Ableism in the Church
“I’m a disabled white woman in my thirties with shoulder-length, straight, blondish hair. I’m wearing a black dress with colorful lightning bolts on it so that you know I’m fun. And I’m sitting in my black-and-blue mobility scooter named ‘Diana, Princess of Themyscira’ after Wonder Woman – complete with a bedazzled Wonder Woman W on the front,” said Dr. Amy Kenny as she began her talk at the Calvin University January Series.
Kenny, a scholar, author, and professor of Shakespeare, shared her visual description on stage at Calvin University’s Covenant Fine Arts Center as a way to make her talk more accessible to people with visual impairments. It was a great lead-in to the rest of her talk on ableism and what can be done to fight it, especially in the church.
“You may have noticed that I am physically disabled,” Kenny began. “I say disabled, or what we call identity-first language, to describe myself to reclaim the word, and show that I’m not ashamed to be disabled.”
While Kenny is not ashamed of her disability, she said that those in churches often act as if she should be.
“In many modern churches you can attend a Sunday service without ever interacting with a disabled person, let alone a disabled leader,” Kenny explained. “Disabled people are 26 percent of the U.S population and 15 percent of the global population, and yet we are often nowhere to be found in church life and leadership.”
This is a loss that we ought to mourn and rally against, she said. “We are missing out on the prophetic witness of disabled people in our churches.”
Kenny’s talk focused on five statements that strangers often say to her, and how they are problematic:
- You’ll be healed if you just believe.
- I don’t even think of you as disabled.
- You are such an inspiration.
- You’ll be healed in heaven.
- I’d rather die than be disabled.
For each of these well-intentioned phrases, Kenny shared several stories from her own life and from her book My Body Is Not a Prayer Request.
“My body is fearfully and wonderfully made. I am not the before picture in a prayer makeover, or the symbol of sin used to guilt anyone else into repentance,” she explained.
She also shared how the five statements reveal ableist ideas prevalent in our churches.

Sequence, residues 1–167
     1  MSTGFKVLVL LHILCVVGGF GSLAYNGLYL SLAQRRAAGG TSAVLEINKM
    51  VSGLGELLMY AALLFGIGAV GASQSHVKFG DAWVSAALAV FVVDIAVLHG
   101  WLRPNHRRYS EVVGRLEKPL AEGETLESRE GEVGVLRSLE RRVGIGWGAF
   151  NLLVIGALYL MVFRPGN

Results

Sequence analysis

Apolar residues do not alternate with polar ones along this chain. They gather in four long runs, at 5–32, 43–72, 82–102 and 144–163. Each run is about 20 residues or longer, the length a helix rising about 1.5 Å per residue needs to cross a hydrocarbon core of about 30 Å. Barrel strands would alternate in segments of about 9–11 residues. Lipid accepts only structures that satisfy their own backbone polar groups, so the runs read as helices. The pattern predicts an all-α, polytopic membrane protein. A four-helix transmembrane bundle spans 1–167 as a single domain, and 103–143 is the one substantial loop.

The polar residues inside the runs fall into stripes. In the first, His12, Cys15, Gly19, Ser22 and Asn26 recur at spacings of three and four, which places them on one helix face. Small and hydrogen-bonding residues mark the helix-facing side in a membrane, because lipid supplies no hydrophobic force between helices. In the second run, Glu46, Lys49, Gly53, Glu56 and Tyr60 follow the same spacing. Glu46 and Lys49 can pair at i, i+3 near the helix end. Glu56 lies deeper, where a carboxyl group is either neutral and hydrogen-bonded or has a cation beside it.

“It is no wonder that many of our churches have absorbed the core spiritual lie known as ableism – discrimination against disabled folks – when the landmark legislation that provided civil rights for disabled people in the United States is something that some Christian communities fought against,” she explained.
Kenny was referring to the Americans with Disabilities Act (ADA) that became law in the United States in 1990. The civil rights legislation prohibits discrimination against individuals with disabilities and made it mandatory for schools, transportation, and public spaces to be accessible to persons with disabilities. Churches, however, are excluded from this legislation because many religious leaders fought against it, saying the ADA “imposed burdensome costs and needless injury to religious exercise.”
“Alongside chanting ‘come just as you are’ and blasting ‘WWJD’ [What Would Jesus Do] on every bracelet, mug, and tshirt, many Christian spaces fought to exclude disabled people,” Kenny said. “The message was clear. We are simply not worth the cost. Money was more important than disabled people.”
And while this message may have been unintentional, she said, it has continued to be communicated by the way churches ignore the needs of disabled people and fail to see how the lived experiences of people with disabilities could be beneficial to the whole community.
“Throughout Scripture we encounter disabled people at the forefront of the work that God chooses to do with humanity,” said Kenny. Yet the church often glosses over the fact that Moses, Isaac, Jacob, Paul, and others had disabilities. Even Jesus, she argued, had a broken body after the crucifixion, but we don’t consider him as someone with a disability.
If we can overcome our ableist notions that there is such a thing as a “perfect body” and that people with disabilities are “broken” and in need of healing, we could gain crucial insights that could help the church, Kenny explained.
“You might not know it, but you are likely already benefiting from the innovations of disability culture. Everything from the electric toothbrush to texting to the touch screen to the Snuggie to the potato peeler was created by and for disabled people,” she said. “These assistive technologies, these facets of our everyday life that we can no longer imagine living without, exist because of the innovation of disability. We are uniquely creative because we live in a world that is not built for our body minds.”
In the same way, churches could grow and be stretched if they welcomed and made room for the lived experiences and faith of people with disabilities, said Kenny.
“My disabled body is pure, holy, set free, capable, and meaningful to the kingdom. My disabled body is made in the image of the one who put the stars in their place, told the oceans where to stop, and designed the messy and crooked community of creation,” she concluded. “My disabled body is composed of the same stuff as the stars. It is time for the world and the church to notice our shine.”
CRCNA’s Disability Concerns has named Kenny’s book My Body Is Not a Prayer Request, as their book of the year. They are encouraging churches to hold book clubs to discuss this book and can make 10 copies of the book available to each congregation, thanks to support from the Calvin Institute of Christian Worship. To learn more, complete this form.